by IIS Team
IIS 7 and above bring many new security improvements from IIS 6.0. This document overviews these improvements with respect to Authentication, Authorization, SSL, Web Service Extension Restriction List and IP restrictions.
For ASP.NET application developers there had been, before IIS 7, two authentication models you needed to program against. These models were the IIS and ASP.NET pipelines. First, IIS would examine the request and perform its authentication routines and then afterwards pass it to ASP.NET so it could do a similar task.
In IIS 7 and above we have unified these two models to produce a new robust pipeline that does the best that both older models did. IIS still supports all the old authentication protocols but also now supports forms authentication which can protect against all content types and does not rely on Windows accounts. In addition to supporting all the old features you have come to know and love we have also enhanced some of them such as the Anonymous Authentication feature.
These changes will be discussed in the upcoming sections.
Anonymous Authentication Changes
In IIS 7 and above, Anonymous Authentication behaves in a similar manner as it had in previous versions with only one change - the ability to run under the content of the worker process identity. Each application pool is configured to run under the content of a user account and the default value for this account is NETWORKSERVICE.
It was very common for ASP.NET applications to turn off impersonation and run under the application pool identity by using the following code in their web.config files:
There are several scenarios where applications would need to run under the context of the process identity:
- The process identity is a low privilege account and administrators have locked down their systems for that account
- The process identity has been granted network access and is used to access back end resources such as databases
As part of the redesign for IIS 7 and above, we wanted to make this scenario secure and easy to do. To implement this scenario, in IIS requires:
- Installing and enabling the Anonymous Authentication module
- Setting the anonymous username and password to an empty string
To do this, modify your configuration for anonymous authentication so it appears as follows:
<anonymousAuthentication enabled="true" userName="" defaultLogonDomain="" />
This configuration will tell IIS to run always under the context of the worker process identity.
By default, the anonymous authentication identity in IIS 7.0 and above is the IUSR account. This account is a low privilege identity with minimal rights and privileges. To learn more about the new built-in account refer to the Understanding the Built-in Account and Group in IIS 7 and Above article.
Support for legacy Passport authentication was built into IIS 5/6 and Windows Server 2000 and 2003. Passport support in IIS 5 & 6 was exposed as a checkbox in the Directory Security tab in the IIS service manager for "Enable Passport Authentication". This checkbox provided IIS the ability to send legacy Tweener protocol challenges. In addition to this, it was still necessary to register the Web site with the Passport service provisioning portal, obtain an encryption key, and configure the legacy Passport Manager on the server before the IIS integration would be functional.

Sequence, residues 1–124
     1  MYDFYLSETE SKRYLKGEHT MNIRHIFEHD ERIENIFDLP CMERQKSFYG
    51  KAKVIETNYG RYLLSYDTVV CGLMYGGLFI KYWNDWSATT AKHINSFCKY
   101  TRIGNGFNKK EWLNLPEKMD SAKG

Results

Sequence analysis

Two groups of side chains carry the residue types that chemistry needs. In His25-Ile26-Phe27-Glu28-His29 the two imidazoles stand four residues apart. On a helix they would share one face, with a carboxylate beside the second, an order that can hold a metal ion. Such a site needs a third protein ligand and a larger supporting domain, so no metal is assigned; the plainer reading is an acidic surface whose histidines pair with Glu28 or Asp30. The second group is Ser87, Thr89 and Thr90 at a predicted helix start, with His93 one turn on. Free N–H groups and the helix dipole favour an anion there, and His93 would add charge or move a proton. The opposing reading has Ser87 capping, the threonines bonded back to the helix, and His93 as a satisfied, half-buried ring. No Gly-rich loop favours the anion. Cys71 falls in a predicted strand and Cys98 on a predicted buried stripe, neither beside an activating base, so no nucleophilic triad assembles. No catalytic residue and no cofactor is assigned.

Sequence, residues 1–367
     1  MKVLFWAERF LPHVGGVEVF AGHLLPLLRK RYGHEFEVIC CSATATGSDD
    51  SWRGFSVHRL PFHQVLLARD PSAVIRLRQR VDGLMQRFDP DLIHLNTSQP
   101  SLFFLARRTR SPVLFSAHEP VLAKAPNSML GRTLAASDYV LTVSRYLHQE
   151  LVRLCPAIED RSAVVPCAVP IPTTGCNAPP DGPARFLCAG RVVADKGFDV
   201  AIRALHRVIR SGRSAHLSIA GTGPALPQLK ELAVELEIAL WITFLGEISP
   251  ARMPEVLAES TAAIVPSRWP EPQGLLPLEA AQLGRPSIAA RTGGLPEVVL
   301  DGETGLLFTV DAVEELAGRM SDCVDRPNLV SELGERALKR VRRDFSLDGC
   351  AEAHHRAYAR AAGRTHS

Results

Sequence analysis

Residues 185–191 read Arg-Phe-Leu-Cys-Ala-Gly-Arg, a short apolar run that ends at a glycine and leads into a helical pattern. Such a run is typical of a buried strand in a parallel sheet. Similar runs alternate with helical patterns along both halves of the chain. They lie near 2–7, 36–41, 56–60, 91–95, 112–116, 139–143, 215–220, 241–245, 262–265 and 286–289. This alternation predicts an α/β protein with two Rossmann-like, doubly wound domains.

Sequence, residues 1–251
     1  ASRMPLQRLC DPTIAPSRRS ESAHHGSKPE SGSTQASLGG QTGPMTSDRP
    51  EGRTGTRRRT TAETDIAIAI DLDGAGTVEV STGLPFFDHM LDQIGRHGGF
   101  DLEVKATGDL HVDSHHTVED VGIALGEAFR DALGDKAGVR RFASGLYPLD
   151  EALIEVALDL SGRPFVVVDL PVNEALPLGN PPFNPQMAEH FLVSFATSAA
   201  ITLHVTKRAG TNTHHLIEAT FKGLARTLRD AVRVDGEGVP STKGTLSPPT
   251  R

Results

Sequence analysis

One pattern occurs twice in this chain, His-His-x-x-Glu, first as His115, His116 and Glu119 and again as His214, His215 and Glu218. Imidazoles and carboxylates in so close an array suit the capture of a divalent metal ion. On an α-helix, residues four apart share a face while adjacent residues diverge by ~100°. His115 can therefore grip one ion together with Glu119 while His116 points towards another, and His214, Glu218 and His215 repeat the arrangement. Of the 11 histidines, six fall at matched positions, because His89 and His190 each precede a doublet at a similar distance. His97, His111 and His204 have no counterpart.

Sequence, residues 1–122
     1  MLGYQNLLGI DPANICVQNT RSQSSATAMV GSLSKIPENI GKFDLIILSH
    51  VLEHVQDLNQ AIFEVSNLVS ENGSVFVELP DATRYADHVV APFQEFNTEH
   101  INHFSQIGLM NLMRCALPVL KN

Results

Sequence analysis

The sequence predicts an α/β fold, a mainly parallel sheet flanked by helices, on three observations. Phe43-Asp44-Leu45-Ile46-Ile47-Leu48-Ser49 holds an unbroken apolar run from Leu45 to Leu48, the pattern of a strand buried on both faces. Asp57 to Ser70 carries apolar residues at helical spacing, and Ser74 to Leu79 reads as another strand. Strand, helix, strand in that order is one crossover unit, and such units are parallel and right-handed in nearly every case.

In Windows Server 2008 and beyond, the legacy Passport binaries and integration with IIS were removed.
The Passport service has since changed into Windows Live ID. While the new Live ID service certainly grew out of the legacy Passport service, there are major changes. One of the biggest changes is how a partner site integrates with Live ID. You can add Live ID authentication by using the publicly available Windows Live ID Web Authentication SDK. While the Windows Live ID service also supports identity Federation and ADFS, that capability is new functionality for specific cases, and is not a replacement for "Passport".
Forms authentication has been part of ASP.NET and allows both Windows and non Windows identities to authenticate themselves and get a user object that applications can later use. IIS 7 and above now fully support forms authentication and can be configured to protect access to all content types.
How IIS 7 and Above Determine the Authenticated Identity
In IIS 7 and above, the authentication rules are processed by the core engine in a similar manner as they were in previous versions of IIS with only some minor changes. To better understand the processing order, here are the rules based on the order IIS evaluates them:
- First, IIS determines if a username and password has been configured at the virtual directory. If a set of credentials have been defined, those credentials will be used. For pre-IIS 7 administrators, these credentials are the UNC credentials
- If no credentials are configured at the virtual directory then IIS will use the credentials provided during authentication. These credentials can belong to the identity that is configured for anonymous authentication or the credentials provided by the user during the authentication handshake when Basic, Digest, or Windows authentication is enabled
- If no authenticated user was established (for example, forms authentication is enabled) we will determine if the process identity should be used
- If we do not have an identity at this point, IIS will return an access denied
In IIS 6.0, we introduced a new authorization model based on AZMan rules. In IIS 7 and above we have deprecated this feature in favor of a new model that is very similar to the ASP.NET authorization model (see URL authorization topic below).
In IIS 7 and above, you have two authorization solutions. The first is to use the ASP.NET authorization model. This method requires defining all your authorization rules in the <system.web> configuration and requires zero changes for applications that already have rules written for ASP.NET. The second model is to move to the new IIS authorization architecture. This model is very similar to ASP.NET's model with some minor changes:
- Rules are not order dependent
- Deny rules are sorted to the top of the list
- Rules are processed in the opposite manner of ASP.NET, mainly in the order: grandparent, parent, then child; ASP.NET authorization processes rules in the opposite order:child, parent, then grandparent
To better understand the differences between the ASP.NET authorization model, and the IIS authorization model, let's first look at an ASP.NET authorization configuration:
<authorization> <allow users="Vik_Malhotra" /> <deny roles="administrators" /> <deny users="*" /> </authorization>
In this example we are allowing Vik_Malhotra but we are denying everyone else. In IIS, the configuration is very similar:
<authorization> <add accessType="allow" users="Vik_Malhotra" /> <add accessType="deny" roles="administrators" /> <add accessType="deny" users="*" /> </authorization>